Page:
Then there is Evelyn Brian Johnson (1909-2012), a famous aviator from Morristown, TN. Still alive at the age of 98 when the book came out in 2008, she gave the author an interview in which she talked about how she got into flying. At the time of her death, she had more flight hours than any woman and more than any living person (57,635.4), and held the record in number of people trained (about 9000). Starting in 1944, she flew planes until a car accident and glaucoma grounded her in 2006, after 62 years. She also outlived two husbands.

These two women are the epitome of “Slid into home, beat to hell, yelling, ‘Wow! What a ride that was!'” I hope I’m able to do the same when I go.

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Halloween in North Carolina, Day #9: Haunted Hills (2007)


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Williams, Stephanie Burt. Haunted Hills: Ghosts and Legends of Highlands and Cashiers, North Carolina. Haunted America. The History Press, 2007.


I have to admit that I didn’t initially have many expectations about this one. It’s smaller than the average paperback ghost book (5X6.5 inches rather than the more standard 6X9) and only about 126 pages, including the bibliography (I like bibliographies; too many ghost story collections don’t have one), with a fairly nondescript cover. And it’s about a relatively small part of Western North Carolina, which usually means the book will get into folksy storytelling without a whole lot of solid content.

I was therefore pleasantly surprised to find quite a bit more meat on the bones with this one than I’d first thought. Williams does a good job of explaining the rather eccentric history of Highlands and Cashiers, starting off with the legend of their creation. According to this story, Highlands’ founders did some geographic calculations that it would eventually become a trade crossroads of the U.S. It didn’t, but it’s done nicely in the centuries since then becoming a big resort area in the hills. There are a few legends about the origin of Cashiers (pronounced “Cash-ers”). The most popular one involves a white stallion named Cash who escaped captivity during the 18th century and thrived in the area.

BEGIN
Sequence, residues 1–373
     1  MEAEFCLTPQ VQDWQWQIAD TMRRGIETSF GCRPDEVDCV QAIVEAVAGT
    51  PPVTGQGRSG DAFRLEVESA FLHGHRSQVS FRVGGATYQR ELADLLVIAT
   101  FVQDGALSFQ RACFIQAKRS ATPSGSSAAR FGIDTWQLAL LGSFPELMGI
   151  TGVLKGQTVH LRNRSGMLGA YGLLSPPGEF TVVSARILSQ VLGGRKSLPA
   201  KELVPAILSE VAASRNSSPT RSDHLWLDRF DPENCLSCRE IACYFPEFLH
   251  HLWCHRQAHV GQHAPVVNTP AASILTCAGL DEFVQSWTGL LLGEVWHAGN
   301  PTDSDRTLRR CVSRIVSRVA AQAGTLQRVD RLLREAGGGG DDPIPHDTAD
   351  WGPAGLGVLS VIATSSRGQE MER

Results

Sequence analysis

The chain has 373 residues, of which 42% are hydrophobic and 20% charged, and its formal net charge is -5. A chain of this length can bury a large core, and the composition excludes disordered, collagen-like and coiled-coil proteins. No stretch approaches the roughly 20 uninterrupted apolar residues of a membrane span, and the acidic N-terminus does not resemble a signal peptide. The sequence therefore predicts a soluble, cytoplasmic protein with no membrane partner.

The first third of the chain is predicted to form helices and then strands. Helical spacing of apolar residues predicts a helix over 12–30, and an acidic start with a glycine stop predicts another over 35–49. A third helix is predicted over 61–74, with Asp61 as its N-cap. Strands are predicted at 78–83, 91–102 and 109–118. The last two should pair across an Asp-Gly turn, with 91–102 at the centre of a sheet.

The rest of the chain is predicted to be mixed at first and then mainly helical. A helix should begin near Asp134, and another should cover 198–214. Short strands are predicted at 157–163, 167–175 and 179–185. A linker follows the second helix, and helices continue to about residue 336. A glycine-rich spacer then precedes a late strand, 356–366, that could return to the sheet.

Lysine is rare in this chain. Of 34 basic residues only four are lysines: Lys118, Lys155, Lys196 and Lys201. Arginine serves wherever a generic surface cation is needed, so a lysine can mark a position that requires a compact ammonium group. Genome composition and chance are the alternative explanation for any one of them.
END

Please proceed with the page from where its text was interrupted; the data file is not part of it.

Williams balances the history and the legends rather better than some other authors I’ve already reviewed. I also like how she breaks up the reading with photos that are historical, informational and interesting. One particularly quirky tale recounts when the circus came to town, complete with elephants, and visited Highlands Inn in 1923. This story is confirmed by a photo taken at the time.

Williams also tells a pretty decent ghost story. There are outdoor hauntings like the Hooper-Watson feud at Cold Springs near Cashiers, which resulted in at least one senseless massacre, an eternally bloody rock, and a chilling tale passed down of heads on stakes. There are indoor hauntings like the dark shadow figure at the Log Cabin Restaurant in Highlands and rocking chairs on the porch at Kalalanta. And, of course (this being Appalachia), Highlands history is intimately tied up with bootlegging and law enforcement, since the cops were also moonshiners for a time.

This was the first book where I encountered the Cherokee legend of Spearfinger, who lived near the cliff-face now known as the Devil’s Courthouse. Spearfinger was an inhuman, shapeshifting witch that often took the form of an elderly matron of the tribe. She’d snatch any victim she could, but she preferred little kids. She’d sidle up to you and then use her sharp stone finger to remove your liver. You’d never even feel it at the time, but you’d then waste away over the course of the next few days or weeks.

Williams talks about how Spearfinger was used as a scapegoat for the mysterious illnesses (and disappearances) that plagued Cherokee children. Like most Pre-Modern people, the Cherokee suffered from a high infant mortality rate. For them, all the stories were real.